Make Your Deductible Work For You
Written by: Andrew Hall
A deductible is the amount of money you pay out of pocket for covered healthcare services before your insurance plan begins to pay.
After you satisfy (or meet) your deductible, you typically pay a copay or a coinsurance for covered services until you meet your Out of Pocket Maximum.
If you are on a High Deductible Plan (HDHP), consider opening a Health Savings Account (HSA) at the beginning of the year. HSAs can help you pay your deductible.
Your deductible is the amount you pay for covered health care services before your insurance plan starts to pay. Plans with higher deductibles have lower premiums. That means you’ll be responsible for paying for more of your care, but it also means your monthly costs for coverage are lower.
Deductibles can range from a few hundred dollars to several thousand. When you’re looking at plans, pay attention to the medical services covered without paying toward your deductible. Many health insurance plans will cover routine and preventive care , and only require you to make a small copayment.
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Your deductible [i] is simply the amount you pay for covered health care services before your insurance plan starts to pay. If your deductible is $3,500, you pay the first $3,500 worth of covered services for yourself. After you pay your deductible, you typically pay a copayment or a coinsurance depending on how your plan is structured. Your insurance company pays the rest.
No matter what your deductible is — there’s a little bit of a strategy involved to get your deductible working for you. We’ve listed some below.
- If you reach your deductible at any point in the plan year, take advantage of it! Why? Because once you hit your deductible, your out-of-pocket expenses for the remainder of your plan year essentially give you the best “deals.”
- Don’t put off health care services if you need them. If you reach the deductible early in the year, you receive the highest health insurance coverage for the remainder of the year for services. (This may not pertain to individuals with a high deductible.)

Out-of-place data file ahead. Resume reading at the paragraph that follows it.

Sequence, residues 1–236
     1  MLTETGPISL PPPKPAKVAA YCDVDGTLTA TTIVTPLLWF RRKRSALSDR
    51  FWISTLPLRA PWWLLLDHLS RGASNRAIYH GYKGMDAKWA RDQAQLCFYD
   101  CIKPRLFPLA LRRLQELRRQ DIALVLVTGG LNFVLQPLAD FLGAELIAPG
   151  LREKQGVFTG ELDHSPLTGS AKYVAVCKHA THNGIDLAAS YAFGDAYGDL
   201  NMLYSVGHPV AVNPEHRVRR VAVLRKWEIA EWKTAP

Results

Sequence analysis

- If you are on a High Deductible Plan (HDHP), consider opening a Health Savings Account (HSA) at the beginning of the year. The more funds that you put in the HSA earlier in the year, the more interest will collect in the account. Your HSA can be used to pay toward your deductible.
- Be smart about where you go for medical services. If you need to meet a hospital deductible, visit a hospital for imaging services rather than an imaging center. Keep in mind that this doesn’t mean you should go to the hospital when you could simply visit your physician.
- Know the difference between a family deductible and an individual deductible. You may need to hit the individual deductible and the family deductible with a family health insurance plan before health insurance coverage kicks in.
- Don’t forget about the deductible credit. Some health insurance plans include a deductible credit, giving you credit for money you’ve already paid toward your deductible if you switch health plans mid-year. It’s critical to confirm whether or not your plan offers this before signing up for coverage.
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In many family plans, everyone covered under the policy pays toward their own individual deductible and the family deductible. That means that any time a member of your family sees a doctor and pays for services, that amount is applied to both deductibles. A family member may reach their individual deductible before the family’s is met. In that case, the insurance company typically begins paying its portion of that member’s medical bills. Once the family deductible is met, the insurance company pays its portion for all members covered under the policy.
Some family plans do not include individual deductibles. With these plans, the overall family deductible must be met before the insurance company pays any portion of covered medical bills for anyone.
Make sure to ask your insurance company which type of family deductible your plan has. If you’re shopping for new insurance, a GoHealth licensed insurance agent can show you the different family plans in your area.
If you’re looking to change your deductible, you’ll need a new plan. For this to happen before the Open Enrollment Period each fall, you’ll need to experience a Qualifying Life Event (QLE). Examples of QLEs include having or adopting a new child, moving, or losing your job-based health coverage. QLEs may qualify you for a Special Enrollment Period, a 60-day period during which you can sign up for a new health insurance plan.
No, and it’s an important difference to understand. Basically, your deductible is part of your out-of-pocket maximum. Here’s the definition of each to help explain:
- Deductible: the amount you pay out of pocket before your insurance company covers its portion of your medical bills. For example: If your deductible is $1,000, your insurance company will not cover any costs until you pay the first $1,000 yourself.
- Out-Of-Pocket Maximum (OOP): the maximum amount you can spend on your healthcare in a calendar year. Once you reach your OOP, your insurance company will cover 100% of your covered medical costs.